•Books of accounts have been rejected under the appropriate provisions of the Indian Income-Tax Act, 1961
•Accounts do not adequately reflect the profits that can be attributed to the PE as an independent and separate entity and reasons are recorded by the tax officer.
The road ahead
The report has sparked an interesting debate that a profit attribution exercise carried out on TP principles (i.e., based on FAR analysis) ignores demand side factors. It has questioned the hitherto international consensus within the tax community that TP principles provide a scientific and rationale approach for profit attribution. If the committee’s views are adopted, it may have wider ramifications on TP analysis carried out for inbound business models where customers are based in India.
While the proposed fractional apportionment will go a long way in putting an end to the diverse attribution approaches adopted by the tax officers during revenue audits / tax assessments, it may fuel further litigation on account of certain practical challenges which may be faced while applying the proposed formula. Some of the practical limitations under the proposed three/ four-factor based formula could be:
• This method requires availability of complete information about country wise revenue as well as deployment of manpower and assets which may not be easily available.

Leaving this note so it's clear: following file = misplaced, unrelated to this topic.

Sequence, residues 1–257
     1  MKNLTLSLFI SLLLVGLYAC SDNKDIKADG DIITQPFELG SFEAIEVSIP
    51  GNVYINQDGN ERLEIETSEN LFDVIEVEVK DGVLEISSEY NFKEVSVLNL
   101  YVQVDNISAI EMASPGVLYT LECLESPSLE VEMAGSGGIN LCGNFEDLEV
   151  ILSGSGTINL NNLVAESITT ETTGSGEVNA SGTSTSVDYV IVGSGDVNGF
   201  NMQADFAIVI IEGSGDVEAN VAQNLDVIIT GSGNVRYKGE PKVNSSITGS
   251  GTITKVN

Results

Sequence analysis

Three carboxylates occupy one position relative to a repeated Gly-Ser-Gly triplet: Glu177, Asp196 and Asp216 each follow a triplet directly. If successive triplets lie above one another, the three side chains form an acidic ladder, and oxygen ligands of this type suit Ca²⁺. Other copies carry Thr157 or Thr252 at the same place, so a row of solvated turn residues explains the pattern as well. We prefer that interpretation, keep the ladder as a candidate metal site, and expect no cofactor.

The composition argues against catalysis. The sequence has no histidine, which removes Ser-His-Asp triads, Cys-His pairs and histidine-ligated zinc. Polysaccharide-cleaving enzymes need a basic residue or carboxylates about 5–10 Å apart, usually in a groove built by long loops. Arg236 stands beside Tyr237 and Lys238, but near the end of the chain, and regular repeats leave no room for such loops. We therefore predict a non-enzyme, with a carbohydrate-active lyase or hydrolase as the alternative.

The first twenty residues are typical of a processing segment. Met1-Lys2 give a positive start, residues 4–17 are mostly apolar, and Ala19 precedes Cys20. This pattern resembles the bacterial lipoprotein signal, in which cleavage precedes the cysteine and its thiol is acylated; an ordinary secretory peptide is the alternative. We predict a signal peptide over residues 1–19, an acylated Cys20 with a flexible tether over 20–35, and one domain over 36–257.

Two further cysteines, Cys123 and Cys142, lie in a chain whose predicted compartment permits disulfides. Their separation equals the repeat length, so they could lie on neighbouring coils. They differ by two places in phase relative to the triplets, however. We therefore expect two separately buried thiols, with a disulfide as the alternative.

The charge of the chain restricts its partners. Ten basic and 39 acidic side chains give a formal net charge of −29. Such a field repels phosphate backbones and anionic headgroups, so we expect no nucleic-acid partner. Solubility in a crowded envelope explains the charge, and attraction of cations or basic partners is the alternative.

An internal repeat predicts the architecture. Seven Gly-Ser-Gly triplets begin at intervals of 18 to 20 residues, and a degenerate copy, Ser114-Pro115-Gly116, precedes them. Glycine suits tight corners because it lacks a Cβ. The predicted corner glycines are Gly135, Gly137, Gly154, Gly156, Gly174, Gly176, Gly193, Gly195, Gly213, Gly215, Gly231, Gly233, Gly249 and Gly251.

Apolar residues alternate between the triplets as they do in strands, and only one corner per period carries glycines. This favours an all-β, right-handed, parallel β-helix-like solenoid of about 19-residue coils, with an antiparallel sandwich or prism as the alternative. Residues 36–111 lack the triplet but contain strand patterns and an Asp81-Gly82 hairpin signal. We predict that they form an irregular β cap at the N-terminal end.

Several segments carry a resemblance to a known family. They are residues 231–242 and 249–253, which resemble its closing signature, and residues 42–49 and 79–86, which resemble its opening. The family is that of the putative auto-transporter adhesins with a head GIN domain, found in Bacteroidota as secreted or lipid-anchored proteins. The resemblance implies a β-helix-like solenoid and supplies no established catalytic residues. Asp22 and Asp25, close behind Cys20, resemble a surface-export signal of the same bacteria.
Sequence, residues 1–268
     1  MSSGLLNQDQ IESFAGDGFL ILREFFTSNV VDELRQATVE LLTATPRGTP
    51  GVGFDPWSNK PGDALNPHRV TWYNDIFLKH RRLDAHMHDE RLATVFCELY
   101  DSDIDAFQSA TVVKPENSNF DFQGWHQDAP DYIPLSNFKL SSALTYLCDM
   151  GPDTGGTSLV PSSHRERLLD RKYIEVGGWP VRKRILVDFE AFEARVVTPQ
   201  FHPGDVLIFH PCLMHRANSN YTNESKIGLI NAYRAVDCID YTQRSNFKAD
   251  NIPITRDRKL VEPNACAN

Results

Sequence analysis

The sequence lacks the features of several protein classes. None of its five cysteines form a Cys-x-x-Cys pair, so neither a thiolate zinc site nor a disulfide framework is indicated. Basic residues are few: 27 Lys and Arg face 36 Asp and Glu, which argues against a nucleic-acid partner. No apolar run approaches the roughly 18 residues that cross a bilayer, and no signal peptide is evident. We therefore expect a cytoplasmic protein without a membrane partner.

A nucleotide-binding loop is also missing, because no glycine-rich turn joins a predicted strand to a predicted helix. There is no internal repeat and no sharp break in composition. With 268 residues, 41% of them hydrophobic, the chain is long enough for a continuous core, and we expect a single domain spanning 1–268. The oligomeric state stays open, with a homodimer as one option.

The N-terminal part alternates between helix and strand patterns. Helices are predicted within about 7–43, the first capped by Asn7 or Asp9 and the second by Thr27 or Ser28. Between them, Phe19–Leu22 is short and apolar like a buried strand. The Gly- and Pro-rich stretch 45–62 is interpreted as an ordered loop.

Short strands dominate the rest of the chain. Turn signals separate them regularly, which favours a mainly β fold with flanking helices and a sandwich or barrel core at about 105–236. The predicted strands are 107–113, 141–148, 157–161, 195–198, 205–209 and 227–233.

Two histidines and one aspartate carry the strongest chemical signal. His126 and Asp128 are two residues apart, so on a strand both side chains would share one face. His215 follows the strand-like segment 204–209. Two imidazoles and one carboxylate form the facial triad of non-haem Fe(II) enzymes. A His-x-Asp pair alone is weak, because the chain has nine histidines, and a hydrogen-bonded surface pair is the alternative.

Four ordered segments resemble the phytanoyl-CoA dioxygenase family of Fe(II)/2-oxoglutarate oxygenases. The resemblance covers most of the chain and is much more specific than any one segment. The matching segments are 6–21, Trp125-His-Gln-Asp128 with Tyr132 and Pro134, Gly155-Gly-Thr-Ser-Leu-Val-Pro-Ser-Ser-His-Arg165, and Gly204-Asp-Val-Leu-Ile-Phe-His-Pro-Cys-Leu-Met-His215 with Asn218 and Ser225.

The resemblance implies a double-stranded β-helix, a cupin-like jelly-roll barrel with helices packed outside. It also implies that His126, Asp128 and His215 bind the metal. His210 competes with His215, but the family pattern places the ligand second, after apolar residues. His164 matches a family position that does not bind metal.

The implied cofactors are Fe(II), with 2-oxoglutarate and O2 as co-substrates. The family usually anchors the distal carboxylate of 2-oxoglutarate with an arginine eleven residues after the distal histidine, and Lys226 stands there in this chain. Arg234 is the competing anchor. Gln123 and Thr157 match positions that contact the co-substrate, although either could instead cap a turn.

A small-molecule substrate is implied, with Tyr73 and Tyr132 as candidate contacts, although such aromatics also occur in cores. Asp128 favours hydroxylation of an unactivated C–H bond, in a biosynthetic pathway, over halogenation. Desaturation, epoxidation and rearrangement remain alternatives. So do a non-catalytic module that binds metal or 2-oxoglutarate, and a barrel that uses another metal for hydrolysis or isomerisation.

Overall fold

• Various terms used in the formula like details of employees present in India and abroad and wages paid to them, details of assets located in India and abroad may give rise to various interpretation issues. For example, treatment of common employees, common assets, etc.
• In case of digital businesses, weightages of 10% and 20% have been proposed for number of users, depending on the whether a particular business model has low/ medium or high user intensity. However, the report does not lay down any objective manner of classifying different digital businesses within these categories.
• The draft report proposes application of a single formula for all profit attribution exercises, except a variation proposed for digital businesses, ignoring the vast differences which exist between different industries and their impact on business profitability.
• The committee has proposed a floor rate of 2% as a minimum threshold of profits which have to be declared in India. However, it may prove onerous for global companies faced with operational losses at the group level. Such groups may face a situation wherein they are required to offer some income to tax in India, thereby resulting into double taxation.
It would be interesting to see how the public consultation process shapes up the final report.
The Indian government has time and again signalled its intent to bring down litigation and create an investor friendly environment. While the committee’s recommendations are based on a detailed analysis of the guidance available in India and the practices adopted around the world, the report may impact ongoing mutual agreement procedures/bilateral advance pricing agreements under discussion between India and other countries. Nevertheless, the draft report is a remarkable step and only time will tell about its impact on reducing disputes related to profit attribution in India.
Rajeev Jain and Varun Gupta contributed to this article.
Vikas Vasal is national leader-tax at Grant Thornton in India.